Animal Defenders International


Animal Defenders International

ADI Calls for Closure of Big Cat Exhibits at San Francisco Zoo

Posted: 4 January 2008

The San Francisco-based international animal welfare organization Animal Defenders International (ADI) is calling for the San Francisco Zoo to cease the public display of tigers, lions and other members of the cat family.

The mauling death of a young man and the resulting killing of the tiger Tatiana exposes the challenges of displaying wild animals for public entertainment. The large cat had been deprived of many things that make life enjoyable for a tiger, thus creating a stressful environment. These animals are psychologically damaged by being forced to live constantly exposed to staring and potential harassment by humans. For cats who would normally live in quiet isolation in the forest, this human attention is mental torture. These dangerous animals are not domesticated, even if born in captivity. Their natural instincts dispose them only to life in the wild, where they are able to truly fulfill their needs.

Whether the young men tormented the animal or not, she was suffering, and she tried to escape from what was, in effect, a prison. Now a young man has lost his life, and this tiger’s suffering has been brought to an end in an incident full of pain and fear. This is the price of entertainment.

ADI’s Program Director Jennifer Blum responded to this tragedy, “Our hearts go out to the family of this young man. The San Francisco Zoo and other zoos around the country should do away with such exhibits. It is just a place of entertainment for people, but for the animals it is a life sentence of enslavement, boredom and depression. Even with the best of intentions and state-of-the-art facilities, these establishments cannot provide the animals with the space and environment they truly need and deserve, and this deprivation results in mental and emotional damage. Not only is this a moral issue, it is a public safety issue as well. The Association of Zoos and Aquariums (AZA) simply does not have the power to demand that our nation’s zoo exhibit and enclosure standards be met.”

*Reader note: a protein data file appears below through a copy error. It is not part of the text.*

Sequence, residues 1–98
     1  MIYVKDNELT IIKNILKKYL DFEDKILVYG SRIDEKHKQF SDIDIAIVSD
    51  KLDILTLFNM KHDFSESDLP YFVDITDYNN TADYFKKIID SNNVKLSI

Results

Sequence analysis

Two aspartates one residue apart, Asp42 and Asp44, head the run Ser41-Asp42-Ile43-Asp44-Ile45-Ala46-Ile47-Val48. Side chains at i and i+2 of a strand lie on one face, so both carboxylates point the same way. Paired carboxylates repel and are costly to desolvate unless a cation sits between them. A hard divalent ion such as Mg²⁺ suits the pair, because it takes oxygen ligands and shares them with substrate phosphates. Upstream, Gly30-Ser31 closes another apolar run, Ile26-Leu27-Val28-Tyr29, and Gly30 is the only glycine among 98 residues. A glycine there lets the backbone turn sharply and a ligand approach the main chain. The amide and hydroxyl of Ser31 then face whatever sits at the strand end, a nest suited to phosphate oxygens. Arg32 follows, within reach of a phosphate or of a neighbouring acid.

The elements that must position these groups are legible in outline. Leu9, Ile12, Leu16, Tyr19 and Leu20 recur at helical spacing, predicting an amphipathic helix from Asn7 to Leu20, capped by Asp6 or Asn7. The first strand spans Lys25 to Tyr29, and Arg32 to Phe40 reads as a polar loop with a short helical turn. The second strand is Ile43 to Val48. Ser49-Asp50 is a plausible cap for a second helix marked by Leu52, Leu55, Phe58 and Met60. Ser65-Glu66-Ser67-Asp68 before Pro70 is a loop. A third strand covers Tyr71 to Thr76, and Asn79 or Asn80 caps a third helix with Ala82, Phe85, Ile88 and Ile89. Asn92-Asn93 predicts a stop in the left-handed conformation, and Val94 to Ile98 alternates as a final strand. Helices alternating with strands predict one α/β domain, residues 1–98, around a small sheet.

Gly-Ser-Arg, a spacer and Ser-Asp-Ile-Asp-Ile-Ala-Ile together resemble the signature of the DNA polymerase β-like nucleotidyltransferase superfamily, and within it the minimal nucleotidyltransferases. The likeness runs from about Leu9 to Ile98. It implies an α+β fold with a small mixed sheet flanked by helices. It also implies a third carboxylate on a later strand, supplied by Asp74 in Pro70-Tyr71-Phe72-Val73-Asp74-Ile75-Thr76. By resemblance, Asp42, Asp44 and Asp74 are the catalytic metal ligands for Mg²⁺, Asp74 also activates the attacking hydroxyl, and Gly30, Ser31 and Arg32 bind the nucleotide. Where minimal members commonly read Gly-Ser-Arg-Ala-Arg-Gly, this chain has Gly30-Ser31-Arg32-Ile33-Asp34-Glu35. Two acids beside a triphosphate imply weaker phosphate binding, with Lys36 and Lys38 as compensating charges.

In fact, Ron Tilson, who oversees tiger management for the AZA, says their enclosure guidelines “have never been compulsory.” He adds, “In no way do I have the power to implement them or demand that they be met.” The U.S. Department of Agriculture (USDA) “has only about 100 inspectors, and critics say those inspectors are overwhelmed with the responsibility for regulating more than 200 accredited zoos, thousands of roadside attractions, circuses and other private animal exhibitors.”

For the sake of the public and the animals, it’s time we do away with big cat exhibits, and the San Francisco Zoo should take this opportunity to set an example for other zoos.

Learn more about ADI’s campaigns to end the abuse of animals in entertainment

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